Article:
Many great insights as to "The meaning of life, the universe and everything" begins with a vision or a universal concept that was just under our nose but required someone to tell us what we already knew and bring this to our forethought. Think back to economics classes before the classes economics was just to term for money handling. Now today we see that every Great War every great invention and even the small ones were encouraged and even made available due to economics. Before reading such books as "Homo Evolutis" by Juan Enriquez and Steve Gullans, we knew of evolution and its controversies but never thought that we would see it all around us and realize much of it is our doing. Now there is "The Information: A History, a Theory, a Flood" by James Gleick also the author of "Faster: The Acceleration of Just About Everything." The title of this book is definitely an understatement of what you're about to be presented. Just keep in mind that as much fun as this book is to read it is how you use this" information" that gives the book its worth.
We will see that every little "bit" of the universe and everything in it is "information." Do not over look the prolog for an encompassing hint as what the book is about. No information related subject is glossed over we het extensive history and in-depth views of what information is, how it was all-around ups and where t is going. I will not go into every detail of you would not need to read the book
Be prepared for over 400 footnotes and an extensive bibliography which will take some time to "look the references up."
Un livre riche, très bien écrit et référencé qui nous emmène sur la trace du "bit" à travers l'évolution de la pensée sur la nature de l'information. Du tam-tam africain à l'ordinateur quantique, du déterminisme mécaniste de la révolution industrielle à l'entropie de Shannon en passant par l'incomplétude de Gödel, pour arriver finalement à la question du sens.
Ayant une formation littéraire, j'étais un peu réticent à me lancer dans la lecture d'un livre sur une théorie à la fois mathématique et plus largement informatique... mais je n'ai pas eu le sentiment d'être trop perdu! Ce livre explique très bien les débuts de ce qu'est l'information en passant par l'arrivée de la théorie de l'information et jusqu'à notre monde virtuel d'aujourd'hui, si empli de ses informations, justement. Très bonne lecture sans temps morts, dans un anglais journalistique fort agréable qui ne se perd pas dans la technicité ni en prose trop simpliste.
Un must à lire pour les fans de la pièce Arcadia de Tom Stoppard!
James Gleick, a prominent journalist, biographer of scientists and explainer of physics has usefully turned his attention to the single most important phenomena of the twenty-first century, the study and quantification of information. This book explains, provides a historical context and gives biographies of the most important explorers of information phenomena throughout the centuries. Gleick provides biographical sketches of lesser known figures in the history of information such as Robert Caudrey compiler of the first known English dictionary and John F. Carrington chronicler of "The Talking Drums of Africa"; he (Gleick) gives fuller personal histories of Samuel F. Morse, Charles Babbage and Ada Lovelace; Gleick reserves the most extensive biographical treatment for those who "mathematized" the phenomena of information: Claude Shannon and Alan Turing.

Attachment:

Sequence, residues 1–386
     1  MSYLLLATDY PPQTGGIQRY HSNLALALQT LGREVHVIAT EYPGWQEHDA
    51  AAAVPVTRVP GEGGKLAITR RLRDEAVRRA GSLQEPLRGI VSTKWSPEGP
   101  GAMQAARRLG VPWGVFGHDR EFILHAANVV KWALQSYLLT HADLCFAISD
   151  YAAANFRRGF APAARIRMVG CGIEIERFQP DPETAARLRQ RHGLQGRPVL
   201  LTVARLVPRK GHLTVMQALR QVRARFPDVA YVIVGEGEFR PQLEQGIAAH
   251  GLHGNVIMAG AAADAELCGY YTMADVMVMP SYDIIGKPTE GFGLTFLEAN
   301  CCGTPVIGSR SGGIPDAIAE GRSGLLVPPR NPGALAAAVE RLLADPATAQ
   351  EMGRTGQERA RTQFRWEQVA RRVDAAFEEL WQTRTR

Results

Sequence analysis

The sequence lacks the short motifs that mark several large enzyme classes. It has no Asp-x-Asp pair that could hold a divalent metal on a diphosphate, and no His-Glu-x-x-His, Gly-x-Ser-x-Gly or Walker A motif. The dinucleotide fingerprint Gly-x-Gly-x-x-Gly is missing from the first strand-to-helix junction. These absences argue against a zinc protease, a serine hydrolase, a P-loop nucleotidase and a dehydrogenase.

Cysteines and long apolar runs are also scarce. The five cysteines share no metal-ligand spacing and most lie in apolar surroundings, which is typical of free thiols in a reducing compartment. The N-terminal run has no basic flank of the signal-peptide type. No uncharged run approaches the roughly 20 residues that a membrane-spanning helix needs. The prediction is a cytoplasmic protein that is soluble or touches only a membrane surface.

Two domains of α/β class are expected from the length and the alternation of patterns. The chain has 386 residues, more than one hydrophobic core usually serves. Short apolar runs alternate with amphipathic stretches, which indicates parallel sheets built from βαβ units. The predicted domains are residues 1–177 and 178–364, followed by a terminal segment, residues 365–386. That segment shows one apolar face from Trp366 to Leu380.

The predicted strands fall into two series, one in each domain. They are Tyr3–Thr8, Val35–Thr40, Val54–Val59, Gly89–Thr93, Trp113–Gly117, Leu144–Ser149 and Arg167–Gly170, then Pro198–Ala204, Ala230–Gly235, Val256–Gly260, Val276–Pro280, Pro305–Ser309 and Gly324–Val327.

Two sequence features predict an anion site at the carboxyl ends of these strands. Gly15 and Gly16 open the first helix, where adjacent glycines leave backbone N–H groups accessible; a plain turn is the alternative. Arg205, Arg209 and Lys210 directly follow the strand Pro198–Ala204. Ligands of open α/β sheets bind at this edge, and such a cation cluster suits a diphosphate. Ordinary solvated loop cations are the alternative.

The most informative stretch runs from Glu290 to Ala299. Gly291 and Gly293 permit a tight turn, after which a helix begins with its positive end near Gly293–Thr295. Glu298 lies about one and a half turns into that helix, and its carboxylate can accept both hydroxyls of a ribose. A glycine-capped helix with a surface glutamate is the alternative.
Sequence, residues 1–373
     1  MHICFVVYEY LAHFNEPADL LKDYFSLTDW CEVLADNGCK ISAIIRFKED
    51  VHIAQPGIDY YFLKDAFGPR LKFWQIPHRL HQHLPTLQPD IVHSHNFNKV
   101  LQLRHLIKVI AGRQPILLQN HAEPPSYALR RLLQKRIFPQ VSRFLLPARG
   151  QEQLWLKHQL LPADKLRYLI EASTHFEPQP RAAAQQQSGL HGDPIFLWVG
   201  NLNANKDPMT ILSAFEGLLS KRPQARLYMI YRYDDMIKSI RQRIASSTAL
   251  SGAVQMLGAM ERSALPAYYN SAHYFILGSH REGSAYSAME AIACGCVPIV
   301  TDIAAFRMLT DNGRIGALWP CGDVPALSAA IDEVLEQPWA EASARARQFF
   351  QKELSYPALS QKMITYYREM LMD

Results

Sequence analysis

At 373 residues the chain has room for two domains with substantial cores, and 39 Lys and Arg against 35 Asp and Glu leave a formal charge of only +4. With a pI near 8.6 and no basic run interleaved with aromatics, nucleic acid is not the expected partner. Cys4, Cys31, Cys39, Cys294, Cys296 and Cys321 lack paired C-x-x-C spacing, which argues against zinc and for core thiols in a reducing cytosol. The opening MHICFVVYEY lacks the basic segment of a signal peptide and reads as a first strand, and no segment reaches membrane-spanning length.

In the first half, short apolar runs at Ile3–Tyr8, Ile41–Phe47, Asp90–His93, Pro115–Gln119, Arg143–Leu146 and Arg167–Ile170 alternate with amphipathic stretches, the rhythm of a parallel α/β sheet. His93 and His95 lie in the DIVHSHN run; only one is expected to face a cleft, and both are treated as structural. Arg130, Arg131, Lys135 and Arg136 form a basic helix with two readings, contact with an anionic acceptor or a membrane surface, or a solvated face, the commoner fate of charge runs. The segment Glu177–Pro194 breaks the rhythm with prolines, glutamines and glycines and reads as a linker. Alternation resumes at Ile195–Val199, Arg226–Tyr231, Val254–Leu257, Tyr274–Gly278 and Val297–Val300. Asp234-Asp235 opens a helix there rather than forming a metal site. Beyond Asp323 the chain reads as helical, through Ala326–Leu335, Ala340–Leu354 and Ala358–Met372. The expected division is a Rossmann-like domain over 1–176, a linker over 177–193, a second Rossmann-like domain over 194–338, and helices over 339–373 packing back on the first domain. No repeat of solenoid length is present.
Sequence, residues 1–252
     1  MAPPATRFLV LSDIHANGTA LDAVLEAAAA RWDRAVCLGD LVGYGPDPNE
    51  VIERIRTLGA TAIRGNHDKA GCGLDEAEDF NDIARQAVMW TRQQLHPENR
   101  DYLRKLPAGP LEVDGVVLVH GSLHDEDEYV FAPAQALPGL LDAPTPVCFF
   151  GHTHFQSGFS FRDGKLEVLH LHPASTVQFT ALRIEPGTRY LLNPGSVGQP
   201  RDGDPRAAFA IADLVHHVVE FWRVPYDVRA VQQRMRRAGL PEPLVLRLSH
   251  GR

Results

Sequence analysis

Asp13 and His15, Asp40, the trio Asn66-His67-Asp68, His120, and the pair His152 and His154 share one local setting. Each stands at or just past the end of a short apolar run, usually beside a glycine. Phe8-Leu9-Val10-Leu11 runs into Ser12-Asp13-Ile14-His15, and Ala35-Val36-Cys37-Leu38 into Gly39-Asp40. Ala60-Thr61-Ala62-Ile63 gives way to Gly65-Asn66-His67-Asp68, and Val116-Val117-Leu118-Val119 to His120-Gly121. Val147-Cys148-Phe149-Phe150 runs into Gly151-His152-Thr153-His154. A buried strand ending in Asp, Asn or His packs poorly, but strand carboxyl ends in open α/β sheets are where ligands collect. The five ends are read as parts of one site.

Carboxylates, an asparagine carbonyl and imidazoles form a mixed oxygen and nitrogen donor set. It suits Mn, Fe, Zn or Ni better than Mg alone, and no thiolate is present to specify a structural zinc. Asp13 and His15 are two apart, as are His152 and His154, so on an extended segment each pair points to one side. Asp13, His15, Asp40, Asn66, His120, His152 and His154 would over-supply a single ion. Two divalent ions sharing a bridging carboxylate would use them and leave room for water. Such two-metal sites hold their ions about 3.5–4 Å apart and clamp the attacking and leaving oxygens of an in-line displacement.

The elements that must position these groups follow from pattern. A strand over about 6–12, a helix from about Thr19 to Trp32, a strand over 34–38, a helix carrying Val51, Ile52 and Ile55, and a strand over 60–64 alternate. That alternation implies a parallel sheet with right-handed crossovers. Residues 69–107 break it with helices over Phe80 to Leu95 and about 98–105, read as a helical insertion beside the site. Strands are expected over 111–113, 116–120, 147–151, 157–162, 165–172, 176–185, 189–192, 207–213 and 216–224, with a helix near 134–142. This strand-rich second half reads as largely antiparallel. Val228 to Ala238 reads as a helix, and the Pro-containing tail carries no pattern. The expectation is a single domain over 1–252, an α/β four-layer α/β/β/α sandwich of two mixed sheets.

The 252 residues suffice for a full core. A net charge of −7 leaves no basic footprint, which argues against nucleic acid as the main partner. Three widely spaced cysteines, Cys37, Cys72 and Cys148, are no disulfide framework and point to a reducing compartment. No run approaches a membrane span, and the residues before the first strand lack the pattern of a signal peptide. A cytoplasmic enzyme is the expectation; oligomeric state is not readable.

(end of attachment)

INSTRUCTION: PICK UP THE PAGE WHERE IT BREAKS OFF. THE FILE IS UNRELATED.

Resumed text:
Gleick, a science journalist and chronicler of physics provides interesting background material and simple enough explanations for anyone who wishes to learn about the areas of information theory that influence our times, technologies and businesses. He also gives enough detail for the interested undergraduate student whose field is not primarily in the sciences. But, the unification of science, phenomena, history and biography is also of considerable interest to those like myself who have extensive training in the "information sciences" but seek a wider context for their previously acquired knowledge.
One slight criticism, I have for this otherwise excellent and comprehensive review of the theory of information and its history, is in the area of its relation to physics and the structure of the world (universe). The relationship and application of information theory to physical phenomena is a theory first espoused by Konrad Zuse, a German computer pioneer and Edward Fredkin the proponent of "digital physics". Given that Gleick's attraction and interest for information theory was probably sparked by his study of the history and explanation of physical phenomena, and his penchant for biography I would have expected more background on these explorers of the nature of physical reality as information.
This excellent history of "information science" is a must read for all who seek to understand the phenomena and technologies of the coming century.
--Ira Laefsky, MSE/MBA Information Technology Consultant and Researcher Formerly on the Senior Technical Staff of Arthur D. Little, Inc and Digital Equipment Corporation
149 internautes sur 157 ont trouvé ce commentaire utile
Excellent at times, but uneven and fragmented30 mai 2011
- Publié sur Amazon.com
I recommend this book's discussion of information theory, a topic that is sadly underrepresented in the popular press. Glieck provides a decent historical overview of Shannon and Turing, and the book starts to pick up steam when discussing Norbert Wiener and cybernetics. The subsequent chapter on informational and thermodynamic entropy is an excellent non-mathematical overview of a tricky topic. It is only surpassed by Chapter 12, which is a fascinating elucidation of algorithmic information theory, which as Chaitlin put it, was "the result of putting Shannon's information theory and Turing's computability theory into a cocktail shaker and shaking vigorously." It's unsurprising that this is Glieck's strength, due to his earlier writing on chaos.
Unfortunately the rest of the book falls far short of this strong standard. Glieck attempts to tackle too much, offering forgettable takes on topics including dictionaries, telegraphs, Charles Babbage, Wikipedia, memes, and information surfeit. These topics are not well-anchored to the central topic of information theory, and serve to muddle the work. But most disappointingly, the chapters on biology (Ch. 10) and quantum physics (Ch. 13) leave a ton to be desired. Glieck barely scratches the surface of the application of information theory to biology (particularly neuroscience), and the discussion of quantum information begs many more questions to be answered. What Glieck does introduce about these topics is disjointed and in need of serious editing. For instance, Glieck introduces Christopher Fuchs and quantum information theory, but before the discussion really goes anywhere, he shifts to a cursory discussion of black holes and information before shifting to an equally vacuous discussion of quantum computation and teleportation.